Waugh and Boredom

The Economist has posted on the website of its 1843 magazine an earlier article by one of its columnists, Adrian Wooldridge, entitled “Great Bores of Yore”. One of those discussed is Evelyn Waugh:

Waugh was a great bore-baiter, never happier than when ridiculing bores (the hero of “A Handful of Dust” has to listen to the complete works of Dickens). But all the baiting turned him into something of a bore himself. He adopted the pose of a reactionary country squire, giant ear trumpet and all. If what was being said bored him, he simply removed the trumpet. This stunt too became a bore – which, for Waugh, only added to its appeal.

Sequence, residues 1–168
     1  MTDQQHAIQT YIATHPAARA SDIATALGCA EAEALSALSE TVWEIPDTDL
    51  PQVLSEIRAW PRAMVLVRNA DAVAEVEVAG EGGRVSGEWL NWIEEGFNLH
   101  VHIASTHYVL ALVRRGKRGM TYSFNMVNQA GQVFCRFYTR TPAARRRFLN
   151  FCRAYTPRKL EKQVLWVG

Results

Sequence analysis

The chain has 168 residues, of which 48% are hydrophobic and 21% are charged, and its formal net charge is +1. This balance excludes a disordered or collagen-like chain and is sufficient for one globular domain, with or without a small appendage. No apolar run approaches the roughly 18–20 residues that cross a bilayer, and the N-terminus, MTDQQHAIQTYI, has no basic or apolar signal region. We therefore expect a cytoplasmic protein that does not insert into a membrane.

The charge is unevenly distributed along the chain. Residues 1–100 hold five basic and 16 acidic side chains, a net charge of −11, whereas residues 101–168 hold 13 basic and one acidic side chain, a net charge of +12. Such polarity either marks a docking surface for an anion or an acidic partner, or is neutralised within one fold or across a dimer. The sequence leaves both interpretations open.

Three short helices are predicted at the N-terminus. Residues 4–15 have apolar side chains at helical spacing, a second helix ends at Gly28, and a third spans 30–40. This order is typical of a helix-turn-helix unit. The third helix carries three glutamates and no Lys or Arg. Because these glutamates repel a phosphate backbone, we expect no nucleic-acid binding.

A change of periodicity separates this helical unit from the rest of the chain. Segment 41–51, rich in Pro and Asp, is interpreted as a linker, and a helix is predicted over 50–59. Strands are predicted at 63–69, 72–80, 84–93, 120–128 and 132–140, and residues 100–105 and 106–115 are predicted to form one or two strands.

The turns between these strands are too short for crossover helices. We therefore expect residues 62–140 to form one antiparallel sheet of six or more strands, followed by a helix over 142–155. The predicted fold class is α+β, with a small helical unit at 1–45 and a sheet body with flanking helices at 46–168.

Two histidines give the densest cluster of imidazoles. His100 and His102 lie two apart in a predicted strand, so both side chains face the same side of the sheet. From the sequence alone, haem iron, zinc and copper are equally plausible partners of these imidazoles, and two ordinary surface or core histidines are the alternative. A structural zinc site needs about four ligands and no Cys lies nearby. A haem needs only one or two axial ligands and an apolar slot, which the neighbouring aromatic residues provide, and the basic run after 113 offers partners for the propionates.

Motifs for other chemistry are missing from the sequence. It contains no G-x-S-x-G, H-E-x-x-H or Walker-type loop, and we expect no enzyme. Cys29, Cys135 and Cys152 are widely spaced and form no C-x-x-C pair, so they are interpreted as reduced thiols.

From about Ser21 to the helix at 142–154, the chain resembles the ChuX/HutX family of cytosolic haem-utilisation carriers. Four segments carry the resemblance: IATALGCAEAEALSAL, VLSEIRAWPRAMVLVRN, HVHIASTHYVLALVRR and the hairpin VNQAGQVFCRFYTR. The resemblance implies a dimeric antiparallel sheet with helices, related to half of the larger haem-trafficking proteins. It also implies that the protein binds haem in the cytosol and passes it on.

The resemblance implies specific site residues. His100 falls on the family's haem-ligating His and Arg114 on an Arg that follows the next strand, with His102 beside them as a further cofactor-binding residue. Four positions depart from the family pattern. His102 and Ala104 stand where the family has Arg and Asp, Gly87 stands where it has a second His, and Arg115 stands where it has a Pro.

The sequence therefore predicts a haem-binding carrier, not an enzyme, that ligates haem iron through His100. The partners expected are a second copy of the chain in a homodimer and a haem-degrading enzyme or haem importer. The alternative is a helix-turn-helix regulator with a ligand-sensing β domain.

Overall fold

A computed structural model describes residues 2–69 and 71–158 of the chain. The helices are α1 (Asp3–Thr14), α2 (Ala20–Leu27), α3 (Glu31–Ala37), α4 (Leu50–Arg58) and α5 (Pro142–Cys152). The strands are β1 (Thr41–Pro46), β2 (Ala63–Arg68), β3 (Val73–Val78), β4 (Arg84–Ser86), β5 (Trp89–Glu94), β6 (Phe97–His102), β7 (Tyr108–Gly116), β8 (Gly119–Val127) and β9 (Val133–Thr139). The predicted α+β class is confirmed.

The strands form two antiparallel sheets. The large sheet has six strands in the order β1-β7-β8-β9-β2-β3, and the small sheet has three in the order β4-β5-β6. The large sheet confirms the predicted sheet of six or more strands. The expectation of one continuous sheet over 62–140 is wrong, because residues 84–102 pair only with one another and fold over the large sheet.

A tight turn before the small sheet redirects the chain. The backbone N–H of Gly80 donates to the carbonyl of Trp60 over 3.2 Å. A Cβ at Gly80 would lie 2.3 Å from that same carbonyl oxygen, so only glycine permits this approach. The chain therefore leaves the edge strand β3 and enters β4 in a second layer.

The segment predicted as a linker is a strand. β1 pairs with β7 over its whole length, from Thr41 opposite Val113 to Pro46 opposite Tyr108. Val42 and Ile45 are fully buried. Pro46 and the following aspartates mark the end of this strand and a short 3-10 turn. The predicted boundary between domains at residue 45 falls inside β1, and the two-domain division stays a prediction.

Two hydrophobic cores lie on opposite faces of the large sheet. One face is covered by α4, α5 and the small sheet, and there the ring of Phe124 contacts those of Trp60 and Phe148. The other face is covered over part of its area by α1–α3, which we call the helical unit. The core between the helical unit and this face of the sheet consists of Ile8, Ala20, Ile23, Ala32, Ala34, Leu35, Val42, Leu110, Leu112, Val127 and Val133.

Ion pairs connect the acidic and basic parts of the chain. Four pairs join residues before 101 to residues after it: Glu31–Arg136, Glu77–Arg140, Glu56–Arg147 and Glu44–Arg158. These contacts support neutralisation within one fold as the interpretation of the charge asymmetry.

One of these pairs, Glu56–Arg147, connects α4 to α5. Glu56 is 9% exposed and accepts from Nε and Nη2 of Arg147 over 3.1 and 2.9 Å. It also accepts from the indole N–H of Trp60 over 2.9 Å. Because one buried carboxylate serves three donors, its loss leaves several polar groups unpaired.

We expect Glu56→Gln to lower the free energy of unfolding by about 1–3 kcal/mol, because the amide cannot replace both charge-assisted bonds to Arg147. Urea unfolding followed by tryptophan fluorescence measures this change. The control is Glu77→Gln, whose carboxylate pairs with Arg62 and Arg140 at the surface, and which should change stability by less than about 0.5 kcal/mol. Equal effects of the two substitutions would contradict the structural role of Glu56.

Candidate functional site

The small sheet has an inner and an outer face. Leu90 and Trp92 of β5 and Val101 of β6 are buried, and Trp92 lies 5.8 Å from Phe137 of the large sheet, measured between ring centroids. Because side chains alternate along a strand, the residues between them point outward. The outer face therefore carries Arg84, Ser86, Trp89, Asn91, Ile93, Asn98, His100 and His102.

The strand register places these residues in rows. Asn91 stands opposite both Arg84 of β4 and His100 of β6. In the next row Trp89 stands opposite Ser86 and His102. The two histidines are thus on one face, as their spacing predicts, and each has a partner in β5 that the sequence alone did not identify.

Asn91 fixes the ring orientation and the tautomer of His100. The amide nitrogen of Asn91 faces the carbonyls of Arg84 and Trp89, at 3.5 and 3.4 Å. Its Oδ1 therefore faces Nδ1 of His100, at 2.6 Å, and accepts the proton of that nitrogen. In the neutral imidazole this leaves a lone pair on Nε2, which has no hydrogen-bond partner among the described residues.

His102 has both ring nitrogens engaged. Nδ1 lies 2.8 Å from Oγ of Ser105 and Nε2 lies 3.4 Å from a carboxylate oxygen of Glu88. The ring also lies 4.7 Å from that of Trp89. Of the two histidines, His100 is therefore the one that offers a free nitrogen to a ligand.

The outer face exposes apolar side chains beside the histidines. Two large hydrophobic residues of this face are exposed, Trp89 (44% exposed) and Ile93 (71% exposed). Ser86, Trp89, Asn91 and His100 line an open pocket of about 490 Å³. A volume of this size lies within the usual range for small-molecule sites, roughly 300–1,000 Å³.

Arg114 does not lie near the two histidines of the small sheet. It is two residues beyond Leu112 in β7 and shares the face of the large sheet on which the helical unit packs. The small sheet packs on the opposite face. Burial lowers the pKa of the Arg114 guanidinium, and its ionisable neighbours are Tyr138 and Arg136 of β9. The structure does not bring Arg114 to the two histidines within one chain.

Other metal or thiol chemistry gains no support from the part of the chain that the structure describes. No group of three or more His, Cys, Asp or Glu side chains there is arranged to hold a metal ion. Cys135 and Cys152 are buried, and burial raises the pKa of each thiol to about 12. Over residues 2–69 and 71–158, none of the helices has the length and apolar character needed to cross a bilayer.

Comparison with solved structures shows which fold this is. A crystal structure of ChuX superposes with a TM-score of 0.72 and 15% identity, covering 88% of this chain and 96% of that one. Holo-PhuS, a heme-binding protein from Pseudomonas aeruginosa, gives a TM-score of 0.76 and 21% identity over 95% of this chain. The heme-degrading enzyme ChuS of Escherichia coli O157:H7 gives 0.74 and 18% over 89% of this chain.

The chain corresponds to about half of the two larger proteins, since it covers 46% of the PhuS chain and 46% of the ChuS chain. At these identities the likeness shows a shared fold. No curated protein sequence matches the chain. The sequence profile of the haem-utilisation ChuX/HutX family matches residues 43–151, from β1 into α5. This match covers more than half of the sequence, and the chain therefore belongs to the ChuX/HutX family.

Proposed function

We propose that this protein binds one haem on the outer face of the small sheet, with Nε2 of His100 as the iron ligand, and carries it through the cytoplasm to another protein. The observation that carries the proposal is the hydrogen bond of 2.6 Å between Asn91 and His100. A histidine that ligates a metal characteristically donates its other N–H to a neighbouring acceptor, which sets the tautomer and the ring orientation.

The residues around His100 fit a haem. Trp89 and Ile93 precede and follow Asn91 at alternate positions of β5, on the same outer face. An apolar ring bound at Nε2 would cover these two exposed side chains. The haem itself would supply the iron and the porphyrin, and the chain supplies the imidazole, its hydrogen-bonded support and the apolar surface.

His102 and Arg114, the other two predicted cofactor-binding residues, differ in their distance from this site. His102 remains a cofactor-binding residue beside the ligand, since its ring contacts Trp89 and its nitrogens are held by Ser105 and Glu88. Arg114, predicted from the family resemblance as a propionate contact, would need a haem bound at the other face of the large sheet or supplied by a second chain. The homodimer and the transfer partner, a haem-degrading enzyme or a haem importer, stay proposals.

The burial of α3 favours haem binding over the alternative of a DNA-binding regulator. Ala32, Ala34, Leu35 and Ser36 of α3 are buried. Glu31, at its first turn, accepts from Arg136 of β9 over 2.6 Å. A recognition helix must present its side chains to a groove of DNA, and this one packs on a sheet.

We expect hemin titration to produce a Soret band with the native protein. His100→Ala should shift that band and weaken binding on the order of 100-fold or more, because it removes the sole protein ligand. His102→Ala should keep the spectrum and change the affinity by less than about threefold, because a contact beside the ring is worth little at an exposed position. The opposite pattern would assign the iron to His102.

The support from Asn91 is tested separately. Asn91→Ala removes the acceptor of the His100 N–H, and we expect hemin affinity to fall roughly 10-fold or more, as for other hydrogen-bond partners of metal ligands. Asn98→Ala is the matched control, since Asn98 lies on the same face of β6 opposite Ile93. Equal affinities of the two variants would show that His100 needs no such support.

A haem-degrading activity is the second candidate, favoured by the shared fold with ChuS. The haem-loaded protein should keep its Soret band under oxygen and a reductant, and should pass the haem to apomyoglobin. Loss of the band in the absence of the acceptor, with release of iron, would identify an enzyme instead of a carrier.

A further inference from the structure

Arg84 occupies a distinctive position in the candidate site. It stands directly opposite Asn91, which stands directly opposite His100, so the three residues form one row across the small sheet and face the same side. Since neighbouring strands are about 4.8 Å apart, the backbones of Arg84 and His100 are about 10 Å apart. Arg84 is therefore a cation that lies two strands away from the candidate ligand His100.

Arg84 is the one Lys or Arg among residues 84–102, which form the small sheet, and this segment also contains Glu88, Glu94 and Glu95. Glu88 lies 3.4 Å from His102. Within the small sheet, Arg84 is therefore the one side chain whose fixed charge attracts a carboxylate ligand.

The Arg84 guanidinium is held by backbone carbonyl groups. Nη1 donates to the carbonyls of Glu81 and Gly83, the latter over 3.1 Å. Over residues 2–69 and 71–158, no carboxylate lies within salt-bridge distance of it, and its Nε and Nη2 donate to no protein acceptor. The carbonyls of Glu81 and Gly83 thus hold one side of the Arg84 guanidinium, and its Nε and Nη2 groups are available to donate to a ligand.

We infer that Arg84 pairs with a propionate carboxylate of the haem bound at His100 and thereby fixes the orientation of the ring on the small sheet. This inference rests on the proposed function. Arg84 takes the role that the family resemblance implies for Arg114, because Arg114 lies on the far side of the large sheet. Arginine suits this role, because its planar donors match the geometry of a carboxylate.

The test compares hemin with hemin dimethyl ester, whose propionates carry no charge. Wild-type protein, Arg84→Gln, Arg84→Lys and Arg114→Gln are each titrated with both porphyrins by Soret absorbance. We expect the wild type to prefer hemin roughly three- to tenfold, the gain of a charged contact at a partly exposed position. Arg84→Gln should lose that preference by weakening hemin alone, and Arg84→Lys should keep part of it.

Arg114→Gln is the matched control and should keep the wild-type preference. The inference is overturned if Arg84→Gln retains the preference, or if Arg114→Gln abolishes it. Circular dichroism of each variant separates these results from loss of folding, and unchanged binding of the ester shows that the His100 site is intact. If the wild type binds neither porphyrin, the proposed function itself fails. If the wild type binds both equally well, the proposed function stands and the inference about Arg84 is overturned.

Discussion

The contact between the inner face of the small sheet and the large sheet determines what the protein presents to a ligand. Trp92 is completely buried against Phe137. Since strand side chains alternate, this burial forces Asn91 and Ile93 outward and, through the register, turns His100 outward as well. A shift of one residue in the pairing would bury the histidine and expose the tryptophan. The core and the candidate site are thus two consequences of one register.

Others listed include William Gladstone, Kim Il-Sung, and Calvin Coolidge. The entry for Waugh is a bit misleading, however.  While it is true he might enjoy boring those he himself found to be bores, in his later years he was appalled to learn that he had bored people he was trying to amuse. Indeed, when he learned that he had bored some English diplomats on a trip to the West Indies in 1961-62, he went into a state of depression (or lack of self-esteem) from which he seems never to have fully recovered (Stannard: Later Years, pp. 455-56).

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